Thursday, February 26, 2009

Noble Beast

This Wednesday I stood outside In the Venue for about an hour, patiently waiting with my awesome sister-in-law Kate to partake of a musical experience unlike any before. A musical experience known as Andrew Bird, a man who has changed the way I look at sound.

Right after seven we were ushered in, after being subjected to a quick frisking. Yeah... I'd rather not talk about it. But standing outside in the cold for an hour sure paid off when Kate and I scored spots right in front of the stage, complete with a handy barrier to lean on. Take that people who walked by us in line! You might be too hip for existence, but those squares near the front of the line hit pay dirt. Here's a little something to put it in perspective: we were less than then ten feet away from Andrew Bird. Is that heaven? I wouldn't be surprised.

The first highlight of the evening came with the opening band, which was blessedly the only opener. I'd heard of Loney Dear when a pseudo-friend gave some of their music to me a year or so ago. I listened and thought they were OK but nothing too special. They were just a another Death Cab rip off with whiny vocals and heavy back beats. Yeah, so I was very very wrong. Seeing a band live can completely change opinions, and Loney Dear proved their chops. The lead singer Emil Svanangen had a voice that floated above the earthy beats provided by a band with one killer percussion section. He really strutted his stuff on "Ignorant Boy, Beautiful Girl", where the audience sang a backup vocal lick while the band dropped out, leaving Svanangen to wail on the waves of sound we provided. You could tell he was having fun experimenting, and we were just thrilled to be along for the ride.

But nothing compares to Andrew Bird. Ever. I (falsely) pride myself on knowing my way around music. I think I can tell when a person is skilled or not, whether they have a firm understanding of how sound works. Bird is without a doubt the most talented musician I have ever seen. Not only is he insanely full of ability, but his imagination when it comes to music exceeds all others. It might sound like I am gushing all over the screen (and I am. Disgustingly so), but I can't even begin to tell you about how he manipulates tones to create the most unique and beautiful music I've had the pleasure to hear. The joy merely increases with lyrics that are way too smart for me but create poetical tongue twisters so thick and delicious you can swim in them.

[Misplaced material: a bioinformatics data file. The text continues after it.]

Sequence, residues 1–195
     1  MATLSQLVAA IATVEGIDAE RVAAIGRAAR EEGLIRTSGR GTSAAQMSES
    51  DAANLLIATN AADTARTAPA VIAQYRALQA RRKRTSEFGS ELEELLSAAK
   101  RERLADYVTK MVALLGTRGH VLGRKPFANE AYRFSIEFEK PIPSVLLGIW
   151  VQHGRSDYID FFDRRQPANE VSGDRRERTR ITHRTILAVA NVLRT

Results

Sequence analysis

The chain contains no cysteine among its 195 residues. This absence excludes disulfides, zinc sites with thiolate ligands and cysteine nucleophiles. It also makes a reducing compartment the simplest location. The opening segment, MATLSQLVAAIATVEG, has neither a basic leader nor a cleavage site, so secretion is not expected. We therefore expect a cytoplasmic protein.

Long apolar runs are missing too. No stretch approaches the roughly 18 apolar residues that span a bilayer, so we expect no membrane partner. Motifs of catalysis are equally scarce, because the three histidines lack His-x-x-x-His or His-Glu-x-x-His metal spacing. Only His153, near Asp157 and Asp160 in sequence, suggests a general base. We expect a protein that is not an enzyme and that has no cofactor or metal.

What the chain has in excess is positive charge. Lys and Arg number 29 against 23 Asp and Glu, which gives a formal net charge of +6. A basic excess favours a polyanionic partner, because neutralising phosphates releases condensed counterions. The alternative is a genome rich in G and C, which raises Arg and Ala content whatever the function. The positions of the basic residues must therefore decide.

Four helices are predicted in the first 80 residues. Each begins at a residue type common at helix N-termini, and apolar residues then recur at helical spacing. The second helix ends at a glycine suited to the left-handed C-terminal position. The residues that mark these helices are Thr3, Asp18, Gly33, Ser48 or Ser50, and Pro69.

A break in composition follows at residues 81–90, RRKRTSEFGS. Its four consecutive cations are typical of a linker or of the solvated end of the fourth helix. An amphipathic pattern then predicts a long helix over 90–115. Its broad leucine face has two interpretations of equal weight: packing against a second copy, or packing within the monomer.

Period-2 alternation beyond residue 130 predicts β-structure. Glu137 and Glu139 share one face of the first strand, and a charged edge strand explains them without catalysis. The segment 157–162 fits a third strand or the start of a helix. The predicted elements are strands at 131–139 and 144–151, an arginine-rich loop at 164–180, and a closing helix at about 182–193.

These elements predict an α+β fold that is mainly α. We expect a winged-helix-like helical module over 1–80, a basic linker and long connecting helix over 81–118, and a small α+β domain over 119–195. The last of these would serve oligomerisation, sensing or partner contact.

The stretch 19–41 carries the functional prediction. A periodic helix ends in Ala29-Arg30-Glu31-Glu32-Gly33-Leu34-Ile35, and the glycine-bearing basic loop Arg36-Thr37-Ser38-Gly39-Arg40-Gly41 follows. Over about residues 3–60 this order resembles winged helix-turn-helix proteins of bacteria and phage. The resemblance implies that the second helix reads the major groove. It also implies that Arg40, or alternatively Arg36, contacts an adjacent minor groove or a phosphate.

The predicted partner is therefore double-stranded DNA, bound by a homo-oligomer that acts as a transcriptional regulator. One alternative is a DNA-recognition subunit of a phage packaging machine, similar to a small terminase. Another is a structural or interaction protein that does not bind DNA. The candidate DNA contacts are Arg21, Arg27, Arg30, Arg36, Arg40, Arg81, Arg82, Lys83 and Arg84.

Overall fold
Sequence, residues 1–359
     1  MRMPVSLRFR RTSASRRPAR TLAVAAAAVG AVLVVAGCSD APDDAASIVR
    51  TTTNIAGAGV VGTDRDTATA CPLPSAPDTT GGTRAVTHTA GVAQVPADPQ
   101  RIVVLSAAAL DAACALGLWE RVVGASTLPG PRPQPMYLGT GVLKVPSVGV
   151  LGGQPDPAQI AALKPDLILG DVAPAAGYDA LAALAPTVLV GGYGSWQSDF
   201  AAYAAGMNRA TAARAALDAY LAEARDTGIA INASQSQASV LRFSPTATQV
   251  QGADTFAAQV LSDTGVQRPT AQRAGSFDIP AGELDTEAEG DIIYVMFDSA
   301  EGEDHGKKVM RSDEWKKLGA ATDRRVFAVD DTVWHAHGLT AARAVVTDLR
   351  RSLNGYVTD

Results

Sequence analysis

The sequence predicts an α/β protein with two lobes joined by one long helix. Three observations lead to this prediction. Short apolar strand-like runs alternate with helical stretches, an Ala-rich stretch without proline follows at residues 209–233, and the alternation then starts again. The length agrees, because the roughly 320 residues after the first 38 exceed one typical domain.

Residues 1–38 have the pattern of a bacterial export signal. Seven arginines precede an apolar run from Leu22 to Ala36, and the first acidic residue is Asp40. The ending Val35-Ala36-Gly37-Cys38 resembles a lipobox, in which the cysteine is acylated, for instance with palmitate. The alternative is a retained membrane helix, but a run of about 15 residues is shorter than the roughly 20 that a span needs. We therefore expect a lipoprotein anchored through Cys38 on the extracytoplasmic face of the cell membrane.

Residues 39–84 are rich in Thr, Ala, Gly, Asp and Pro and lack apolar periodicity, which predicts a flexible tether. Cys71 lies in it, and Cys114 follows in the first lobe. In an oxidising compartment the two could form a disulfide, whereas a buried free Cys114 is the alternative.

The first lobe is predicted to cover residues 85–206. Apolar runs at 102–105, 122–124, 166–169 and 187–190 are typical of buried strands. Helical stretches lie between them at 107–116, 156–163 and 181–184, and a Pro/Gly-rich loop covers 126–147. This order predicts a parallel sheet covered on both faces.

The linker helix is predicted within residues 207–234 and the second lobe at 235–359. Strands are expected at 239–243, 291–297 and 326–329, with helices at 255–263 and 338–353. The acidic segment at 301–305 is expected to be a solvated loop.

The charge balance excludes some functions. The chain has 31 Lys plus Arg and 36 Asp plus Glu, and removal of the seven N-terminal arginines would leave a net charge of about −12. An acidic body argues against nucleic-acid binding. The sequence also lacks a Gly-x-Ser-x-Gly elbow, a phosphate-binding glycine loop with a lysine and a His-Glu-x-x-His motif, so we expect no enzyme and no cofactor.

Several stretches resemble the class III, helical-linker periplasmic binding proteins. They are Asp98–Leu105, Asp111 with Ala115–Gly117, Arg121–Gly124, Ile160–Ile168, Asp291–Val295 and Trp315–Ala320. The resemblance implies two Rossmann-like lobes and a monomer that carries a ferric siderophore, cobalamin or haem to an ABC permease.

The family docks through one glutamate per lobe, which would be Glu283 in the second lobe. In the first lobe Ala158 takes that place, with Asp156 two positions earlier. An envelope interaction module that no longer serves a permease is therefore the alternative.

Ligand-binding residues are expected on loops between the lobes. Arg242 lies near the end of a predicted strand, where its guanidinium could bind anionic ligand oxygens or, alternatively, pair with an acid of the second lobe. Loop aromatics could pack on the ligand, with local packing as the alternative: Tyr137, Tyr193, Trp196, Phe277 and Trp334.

The man himself was adorable, so tall and thin and gangly, exuding a delicately intelligent persona that matched his movements. He reminded me of that mythical liberal arts professor you have a crush on, with his long face and wide smile, hair flopping in dark wisps. But what was really impressive were his methods. As a multi-instrumentalist, Bird played violin and guitar, all while singing and whistling (something he elevates to an art form). To provide the right sound, he looped licks recorded at the beginning of each song, working pedals to produce the loops through what can only be described as gigantic gramophone horns placed onstage. He could smoothly transition from recording to immediately playing something new, backed up by what he had been doing seconds before, so seamlessly that you didn't even notice the change and wondered how one man could make such noise. The performance was something so extraordinary you really do have to see it to believe it. And I don't use that phrase lightly. It's astounding.

And the pure variety! Andrew Bird coaxes sounds from his instruments that are diverse and moving, capturing ghosts of other instruments. I was playing a song for my family, and my mom swore that she heard a bass and a banjo, when it was merely layers of violin. One of my favorite songs from the concert was "Effigy", where he starts with a mischievous plucking pattern on violin, going to more conventional playing that was rich and mysterious, looping those for a guitar pattern which he broke in the middle to play a folksy fiddle solo in the old Americana tradition.